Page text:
Sunday, April 3, 2011

And yet they wonder why

The BBC news reported today that Transocean, the company charged with running the operation of the Deepwater Horizon, the drilling platform that caught fire, exploded and sank, killing nine workers and creating the worst oil spill in history, awarded bonuses to the "top executives" for their outstanding safety record last year.

Now, if that statement doesn't seem somehow completely wrong, then...well, I have no idea what has happened to our value system.

According to the report

Notwithstanding the tragic loss of life in the Gulf of Mexico, we achieved an exemplary statistical safety record as measured by our total recordable incident rate and total potential severity rate.

As measured by these standards, we recorded the best year in safety performance in our company's history, which is a reflection on our commitment to achieving an incident free environment, all the time, everywhere.

This is more or less like saying, except for the fact that your whole family was wiped out in a terrible house fire, we had a really good year in preventing fatal house fires.  Somehow, that logic just doesn't work.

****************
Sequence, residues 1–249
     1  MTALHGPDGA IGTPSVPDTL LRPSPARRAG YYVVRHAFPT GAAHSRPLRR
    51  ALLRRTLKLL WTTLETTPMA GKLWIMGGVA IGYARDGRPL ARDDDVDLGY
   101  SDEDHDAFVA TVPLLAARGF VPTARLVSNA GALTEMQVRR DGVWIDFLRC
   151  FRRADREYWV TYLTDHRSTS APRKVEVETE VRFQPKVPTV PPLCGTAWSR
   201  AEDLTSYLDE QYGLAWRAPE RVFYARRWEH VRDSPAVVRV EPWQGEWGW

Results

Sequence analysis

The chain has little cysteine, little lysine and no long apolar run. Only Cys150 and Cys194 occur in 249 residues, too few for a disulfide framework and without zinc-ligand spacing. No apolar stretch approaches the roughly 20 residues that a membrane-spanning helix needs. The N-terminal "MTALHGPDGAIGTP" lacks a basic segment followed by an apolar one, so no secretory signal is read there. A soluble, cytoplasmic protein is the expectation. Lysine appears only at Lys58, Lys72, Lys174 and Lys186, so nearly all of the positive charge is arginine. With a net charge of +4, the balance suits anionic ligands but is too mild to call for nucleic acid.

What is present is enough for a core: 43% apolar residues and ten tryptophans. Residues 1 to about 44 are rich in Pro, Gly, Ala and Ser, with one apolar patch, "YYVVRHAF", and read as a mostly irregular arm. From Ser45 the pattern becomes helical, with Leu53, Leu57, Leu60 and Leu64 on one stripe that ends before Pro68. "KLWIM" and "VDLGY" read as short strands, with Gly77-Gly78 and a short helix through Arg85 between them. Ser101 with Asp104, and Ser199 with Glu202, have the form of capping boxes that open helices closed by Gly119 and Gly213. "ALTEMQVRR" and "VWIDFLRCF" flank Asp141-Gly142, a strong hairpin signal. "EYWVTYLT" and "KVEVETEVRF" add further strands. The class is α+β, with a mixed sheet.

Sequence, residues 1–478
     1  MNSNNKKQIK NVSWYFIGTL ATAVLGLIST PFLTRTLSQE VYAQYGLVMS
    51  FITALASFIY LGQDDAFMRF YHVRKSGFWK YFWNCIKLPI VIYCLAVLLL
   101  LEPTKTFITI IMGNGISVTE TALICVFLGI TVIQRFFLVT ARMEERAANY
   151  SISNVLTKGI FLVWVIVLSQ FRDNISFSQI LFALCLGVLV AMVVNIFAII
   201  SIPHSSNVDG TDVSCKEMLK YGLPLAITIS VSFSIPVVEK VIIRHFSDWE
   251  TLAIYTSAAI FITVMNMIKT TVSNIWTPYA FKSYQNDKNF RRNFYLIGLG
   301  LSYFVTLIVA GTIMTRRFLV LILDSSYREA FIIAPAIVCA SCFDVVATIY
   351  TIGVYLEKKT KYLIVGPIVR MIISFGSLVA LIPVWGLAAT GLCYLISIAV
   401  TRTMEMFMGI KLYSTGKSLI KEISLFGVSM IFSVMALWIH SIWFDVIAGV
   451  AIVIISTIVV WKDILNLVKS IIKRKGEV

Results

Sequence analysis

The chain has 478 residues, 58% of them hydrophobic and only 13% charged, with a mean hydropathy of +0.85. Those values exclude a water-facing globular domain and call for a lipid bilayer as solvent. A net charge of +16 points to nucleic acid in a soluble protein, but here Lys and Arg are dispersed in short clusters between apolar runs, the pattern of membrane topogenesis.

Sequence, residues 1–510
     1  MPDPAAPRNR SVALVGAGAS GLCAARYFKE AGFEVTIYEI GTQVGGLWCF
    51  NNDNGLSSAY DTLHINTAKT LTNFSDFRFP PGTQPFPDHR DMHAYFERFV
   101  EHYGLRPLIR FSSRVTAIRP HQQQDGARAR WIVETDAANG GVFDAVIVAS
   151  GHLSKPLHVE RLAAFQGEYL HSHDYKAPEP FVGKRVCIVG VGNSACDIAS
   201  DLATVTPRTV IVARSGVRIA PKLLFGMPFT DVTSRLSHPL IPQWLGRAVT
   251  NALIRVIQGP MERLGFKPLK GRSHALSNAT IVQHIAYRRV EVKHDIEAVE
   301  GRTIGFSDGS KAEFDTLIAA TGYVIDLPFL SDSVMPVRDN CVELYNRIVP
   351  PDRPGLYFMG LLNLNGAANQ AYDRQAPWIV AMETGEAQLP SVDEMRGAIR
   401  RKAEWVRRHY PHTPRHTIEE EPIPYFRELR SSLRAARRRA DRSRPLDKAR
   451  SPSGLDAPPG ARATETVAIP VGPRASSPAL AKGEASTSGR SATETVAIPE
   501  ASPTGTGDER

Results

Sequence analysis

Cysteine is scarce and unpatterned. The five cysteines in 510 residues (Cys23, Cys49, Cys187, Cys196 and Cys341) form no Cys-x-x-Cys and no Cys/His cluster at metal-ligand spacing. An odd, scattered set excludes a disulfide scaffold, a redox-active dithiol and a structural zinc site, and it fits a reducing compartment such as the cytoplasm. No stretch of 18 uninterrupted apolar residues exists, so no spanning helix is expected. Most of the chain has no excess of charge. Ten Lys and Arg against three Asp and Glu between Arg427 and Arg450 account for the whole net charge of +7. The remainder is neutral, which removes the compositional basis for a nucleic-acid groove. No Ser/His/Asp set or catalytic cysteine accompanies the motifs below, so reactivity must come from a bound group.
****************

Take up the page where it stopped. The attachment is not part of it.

I have some serious problems with executive salaries, perks, and bonuses in many situations, but this is just beyond the pale.  How can anyone, with an ounce of moral fiber, accept a bonus for such a performance standard?

It is sometimes observed that statistics can be manipulated to show anything.  That's sometimes true, an apparently this is an excellent example of such spinning.  It is impossible to discuss the real numbers and what they might show as a trend.  However, given the disaster, and I don't use that term lightly, of last year, I don't think the "safety record" for last year was anything to reward.

It's a bit like saying "we didn't create as much damage as the situation in Japan."  That might be accurate, but irrelevant.

In this case, common sense...well, in this case, there clearly is no common sense.

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